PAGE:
Dancers perform on stage as the English National Ballet rehearse 'Coppelia' at the Coliseum on July 22, 2014 in London, England. Photo: Ian Gavan/Getty Images
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Hearing disembodied voices as violent or helpful depends on culture, study finds

A Stanford study has found that those who hallucinate voices are influenced by the culture they live in, with differences in mood and tone depending upon where in the world they live.

Ethan Watters's 2010 book Crazy Like Us: The Globalization of the American Psyche details how mental health conditions around the world have changed thanks to globalisation. What the American medical establishment understood as the model of an illness, its causes and even its symptoms, became how it was experienced elsewhere.

For example, Sing Lee, a psychiatrist in Hong Kong, spent much of the late 1980s and early 1990s studying anorexia. His patients did not deliberately avoid eating - in fact, “they complained most frequently of having bloated stomachs”. Then, in 1994, a teenage girl collapsed and died in the middle of a busy street, and the local papers reported her anorexia with language straight from American medical dictionaries:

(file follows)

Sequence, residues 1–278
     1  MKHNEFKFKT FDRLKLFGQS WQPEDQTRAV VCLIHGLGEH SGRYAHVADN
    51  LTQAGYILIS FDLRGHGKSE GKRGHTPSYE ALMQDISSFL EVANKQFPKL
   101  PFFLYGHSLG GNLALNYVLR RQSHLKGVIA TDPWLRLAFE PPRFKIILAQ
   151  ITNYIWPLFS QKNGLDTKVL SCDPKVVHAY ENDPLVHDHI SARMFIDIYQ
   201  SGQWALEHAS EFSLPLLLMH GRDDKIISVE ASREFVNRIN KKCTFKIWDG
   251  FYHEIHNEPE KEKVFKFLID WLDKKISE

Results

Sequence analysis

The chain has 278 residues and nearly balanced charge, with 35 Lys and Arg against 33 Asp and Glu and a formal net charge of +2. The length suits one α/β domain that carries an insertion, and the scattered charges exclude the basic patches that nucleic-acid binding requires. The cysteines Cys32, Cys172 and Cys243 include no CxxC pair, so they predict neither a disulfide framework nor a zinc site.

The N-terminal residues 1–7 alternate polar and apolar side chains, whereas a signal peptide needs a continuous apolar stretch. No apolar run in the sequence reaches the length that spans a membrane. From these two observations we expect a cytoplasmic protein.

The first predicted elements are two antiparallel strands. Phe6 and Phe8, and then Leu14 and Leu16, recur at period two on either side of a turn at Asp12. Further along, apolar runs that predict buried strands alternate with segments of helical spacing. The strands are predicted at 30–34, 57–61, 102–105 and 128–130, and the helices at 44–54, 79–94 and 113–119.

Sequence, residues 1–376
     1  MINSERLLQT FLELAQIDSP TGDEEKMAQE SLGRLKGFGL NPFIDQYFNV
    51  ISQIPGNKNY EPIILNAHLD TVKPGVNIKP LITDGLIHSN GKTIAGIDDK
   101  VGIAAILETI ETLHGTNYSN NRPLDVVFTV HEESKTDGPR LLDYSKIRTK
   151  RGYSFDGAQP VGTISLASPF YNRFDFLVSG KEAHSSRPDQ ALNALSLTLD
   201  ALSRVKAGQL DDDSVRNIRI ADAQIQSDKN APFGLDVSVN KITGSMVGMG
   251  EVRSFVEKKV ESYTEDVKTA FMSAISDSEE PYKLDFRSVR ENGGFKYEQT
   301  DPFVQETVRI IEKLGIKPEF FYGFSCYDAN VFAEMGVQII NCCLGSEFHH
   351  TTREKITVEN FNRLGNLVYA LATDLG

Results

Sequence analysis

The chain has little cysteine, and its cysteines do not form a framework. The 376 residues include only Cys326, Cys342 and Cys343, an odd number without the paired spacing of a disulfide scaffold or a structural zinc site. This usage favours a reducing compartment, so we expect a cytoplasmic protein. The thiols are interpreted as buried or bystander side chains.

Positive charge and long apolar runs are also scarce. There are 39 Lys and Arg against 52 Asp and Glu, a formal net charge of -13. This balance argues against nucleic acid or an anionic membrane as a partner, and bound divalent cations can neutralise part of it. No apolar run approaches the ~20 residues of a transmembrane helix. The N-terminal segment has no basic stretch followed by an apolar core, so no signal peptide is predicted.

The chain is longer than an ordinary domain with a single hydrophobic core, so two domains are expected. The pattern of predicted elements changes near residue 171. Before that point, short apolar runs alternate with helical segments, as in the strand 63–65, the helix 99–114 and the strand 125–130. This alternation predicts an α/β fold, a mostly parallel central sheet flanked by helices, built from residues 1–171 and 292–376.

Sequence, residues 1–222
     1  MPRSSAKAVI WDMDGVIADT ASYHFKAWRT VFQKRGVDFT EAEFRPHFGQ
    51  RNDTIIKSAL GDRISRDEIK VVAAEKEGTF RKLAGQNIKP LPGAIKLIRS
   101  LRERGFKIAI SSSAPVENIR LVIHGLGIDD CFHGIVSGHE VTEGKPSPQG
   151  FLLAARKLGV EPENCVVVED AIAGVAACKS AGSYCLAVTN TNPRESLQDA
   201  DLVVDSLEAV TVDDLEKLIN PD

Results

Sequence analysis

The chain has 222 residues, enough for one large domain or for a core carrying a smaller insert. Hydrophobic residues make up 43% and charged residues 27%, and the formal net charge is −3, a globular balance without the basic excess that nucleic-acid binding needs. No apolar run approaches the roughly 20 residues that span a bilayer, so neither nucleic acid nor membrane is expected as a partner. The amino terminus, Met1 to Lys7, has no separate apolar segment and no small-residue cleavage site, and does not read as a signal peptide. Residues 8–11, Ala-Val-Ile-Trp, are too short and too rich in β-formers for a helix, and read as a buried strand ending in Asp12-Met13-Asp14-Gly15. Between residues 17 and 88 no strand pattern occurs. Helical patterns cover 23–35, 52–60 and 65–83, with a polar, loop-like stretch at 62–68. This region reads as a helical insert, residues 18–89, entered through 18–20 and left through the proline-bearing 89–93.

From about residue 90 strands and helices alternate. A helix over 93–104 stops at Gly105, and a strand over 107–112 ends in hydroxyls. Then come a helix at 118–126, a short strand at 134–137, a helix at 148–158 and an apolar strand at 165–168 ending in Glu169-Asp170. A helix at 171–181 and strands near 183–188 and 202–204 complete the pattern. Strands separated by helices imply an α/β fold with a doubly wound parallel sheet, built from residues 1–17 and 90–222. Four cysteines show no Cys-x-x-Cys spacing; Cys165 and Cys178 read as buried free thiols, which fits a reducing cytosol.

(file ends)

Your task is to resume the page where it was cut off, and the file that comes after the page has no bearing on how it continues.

Western ideas did not simply obscure the understanding of anorexia in Hong Kong; they also may have changed the expression of the illness itself. As the general public and the region’s mental-health professionals came to understand the American diagnosis of anorexia, the presentation of the illness in Lee’s patient population appeared to transform into the more virulent American standard. Lee once saw two or three anorexic patients a year; by the end of the 1990s he was seeing that many new cases each month. … By 2007 about 90 percent of the anorexics Lee treated reported fat phobia. New patients appeared to be increasingly conforming their experience of anorexia to the Western version of the disease.”

While cultural conditioning is an easily acceptable notion, the idea that our mental health is similarly conditioned can feel a little strange. This is because it belies our understanding of illness, especially mental illness - with modern medicine, we’re accustomed to thinking of the human body as a machine, and treatment for disease as akin to the physical repair of a worn-out mechanism. Our inability to completely model a human brain means we’re also groping in the dark when it comes to modelling mental health as only a physiological phenomenon.